Large corporations and financial institutions are undemocratic and hierarchical. They seek profits and power over and above the interests of citizens and the environment. Social ownership is necessary for a more democratic, needs-based economy. A new, democratic socialism for Canada in the 21st century could re-forge the idea of public ownership. Newer forms of public ownership could involve popular democracy, with the input of the wider community and employees, not just senior government officials. This also has the capacity to halt future privatization. A public referendum should be mandatory before any public assets are sold to the private sector.
A New Democratic government should examine Norway’s model of public ownership of natural resources. Norway claimed sovereignty and public control over its natural resources and built up a massive reserve fund from the profits of oil and gas for the benefit of its citizens. On the other hand, Canada gave ownership of its natural resources over to the oil companies that extract the oil from the ground and the government receives only a pittance in royalties in return. The result is that Norway has a massive heritage fund, well in excess of a trillion dollars, while Alberta is in deficit and extracts twice as much oil as Norway. Today’s NDP needs to establish a Green Energy Crown Corporation based in Alberta.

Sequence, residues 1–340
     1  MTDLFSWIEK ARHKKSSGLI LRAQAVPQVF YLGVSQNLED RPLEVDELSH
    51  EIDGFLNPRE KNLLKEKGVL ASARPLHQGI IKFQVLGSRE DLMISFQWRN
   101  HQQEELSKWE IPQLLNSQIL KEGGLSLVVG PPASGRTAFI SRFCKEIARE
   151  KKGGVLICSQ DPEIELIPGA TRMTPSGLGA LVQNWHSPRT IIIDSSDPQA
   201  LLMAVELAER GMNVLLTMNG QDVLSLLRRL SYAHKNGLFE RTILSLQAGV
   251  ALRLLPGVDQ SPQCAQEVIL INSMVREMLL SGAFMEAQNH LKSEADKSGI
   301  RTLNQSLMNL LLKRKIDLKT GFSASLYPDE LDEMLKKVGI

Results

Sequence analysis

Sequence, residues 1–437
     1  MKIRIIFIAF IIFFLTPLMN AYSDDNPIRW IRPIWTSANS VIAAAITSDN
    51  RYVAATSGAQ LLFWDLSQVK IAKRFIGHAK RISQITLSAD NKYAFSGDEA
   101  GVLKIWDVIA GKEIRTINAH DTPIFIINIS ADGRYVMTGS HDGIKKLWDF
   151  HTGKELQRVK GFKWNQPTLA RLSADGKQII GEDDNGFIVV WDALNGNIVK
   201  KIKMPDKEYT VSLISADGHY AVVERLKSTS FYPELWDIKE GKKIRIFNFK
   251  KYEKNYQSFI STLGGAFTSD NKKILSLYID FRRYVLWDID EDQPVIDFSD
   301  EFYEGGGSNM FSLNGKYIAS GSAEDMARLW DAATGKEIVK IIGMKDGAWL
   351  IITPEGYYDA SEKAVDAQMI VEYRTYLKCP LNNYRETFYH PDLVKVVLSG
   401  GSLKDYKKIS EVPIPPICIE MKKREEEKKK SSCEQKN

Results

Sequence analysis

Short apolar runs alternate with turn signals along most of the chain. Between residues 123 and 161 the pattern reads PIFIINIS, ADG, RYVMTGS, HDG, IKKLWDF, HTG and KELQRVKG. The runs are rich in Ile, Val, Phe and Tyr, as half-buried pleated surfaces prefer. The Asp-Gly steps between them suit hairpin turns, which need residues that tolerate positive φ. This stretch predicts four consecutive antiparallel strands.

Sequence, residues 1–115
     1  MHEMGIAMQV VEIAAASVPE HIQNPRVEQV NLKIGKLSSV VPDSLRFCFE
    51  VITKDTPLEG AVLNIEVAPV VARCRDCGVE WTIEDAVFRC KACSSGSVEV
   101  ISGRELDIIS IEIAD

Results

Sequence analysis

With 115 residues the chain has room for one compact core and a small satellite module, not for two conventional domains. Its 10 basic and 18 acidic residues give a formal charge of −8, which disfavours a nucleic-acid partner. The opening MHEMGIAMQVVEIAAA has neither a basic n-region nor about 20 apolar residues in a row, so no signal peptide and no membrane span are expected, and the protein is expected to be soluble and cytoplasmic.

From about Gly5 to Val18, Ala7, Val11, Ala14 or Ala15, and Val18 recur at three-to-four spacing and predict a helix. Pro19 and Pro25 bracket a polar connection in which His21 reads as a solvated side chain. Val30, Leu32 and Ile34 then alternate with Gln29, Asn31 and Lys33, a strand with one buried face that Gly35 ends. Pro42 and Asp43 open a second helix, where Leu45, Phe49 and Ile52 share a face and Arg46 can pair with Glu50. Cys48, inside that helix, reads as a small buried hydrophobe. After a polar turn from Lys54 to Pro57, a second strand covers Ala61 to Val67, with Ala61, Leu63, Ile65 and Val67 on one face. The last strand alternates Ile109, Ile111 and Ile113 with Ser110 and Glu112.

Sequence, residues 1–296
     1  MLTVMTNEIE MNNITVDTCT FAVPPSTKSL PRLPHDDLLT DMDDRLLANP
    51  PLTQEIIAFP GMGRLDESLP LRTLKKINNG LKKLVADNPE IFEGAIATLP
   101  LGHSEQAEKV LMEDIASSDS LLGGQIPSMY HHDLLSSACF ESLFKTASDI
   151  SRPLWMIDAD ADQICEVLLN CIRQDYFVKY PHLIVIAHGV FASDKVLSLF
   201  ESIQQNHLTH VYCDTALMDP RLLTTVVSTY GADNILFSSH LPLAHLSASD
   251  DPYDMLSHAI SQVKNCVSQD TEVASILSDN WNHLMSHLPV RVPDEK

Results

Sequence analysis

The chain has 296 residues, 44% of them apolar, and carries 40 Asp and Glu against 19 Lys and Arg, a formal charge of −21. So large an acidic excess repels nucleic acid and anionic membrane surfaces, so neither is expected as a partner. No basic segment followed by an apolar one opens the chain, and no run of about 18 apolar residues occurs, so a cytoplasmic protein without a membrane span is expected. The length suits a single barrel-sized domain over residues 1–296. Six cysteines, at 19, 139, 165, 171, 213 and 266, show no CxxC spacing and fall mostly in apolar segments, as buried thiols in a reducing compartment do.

Likewise, the Canada-wide rail system should be returned to public ownership, instead of us silently watching Bill Gates profit from Canadian National Railway. Nationalization can ensure the safe, affordable and timely movement of goods. One needs only to look at the Lac Megantic rail disaster to see how the private sector has screwed up by cutting corners, resulting in the tragic death of 42 people. A return to ViaFast as a first step towards high speed rail can bind this country together, provide a public good, and create thousands of well-paying jobs.
Canada is the only country in the world with universal health care that lacks national Pharmacare. Citizens paid $33 billion for prescription drugs in 2012. We pay more for prescription drugs than most countries, with our drug prices 30% above the OECD average.
A national drug plan would save Canadians over $7 billion a year. It is urgently needed to improve public health, especially of seniors and the poor. Canadians need a Public Pharmacare Corporation that could be an integral part of medicare for all residents of Canada – not just making the federal government a central bulk purchaser of pharmaceuticals, but making free provision of medication a feature of public health care and a matter of right for all patients.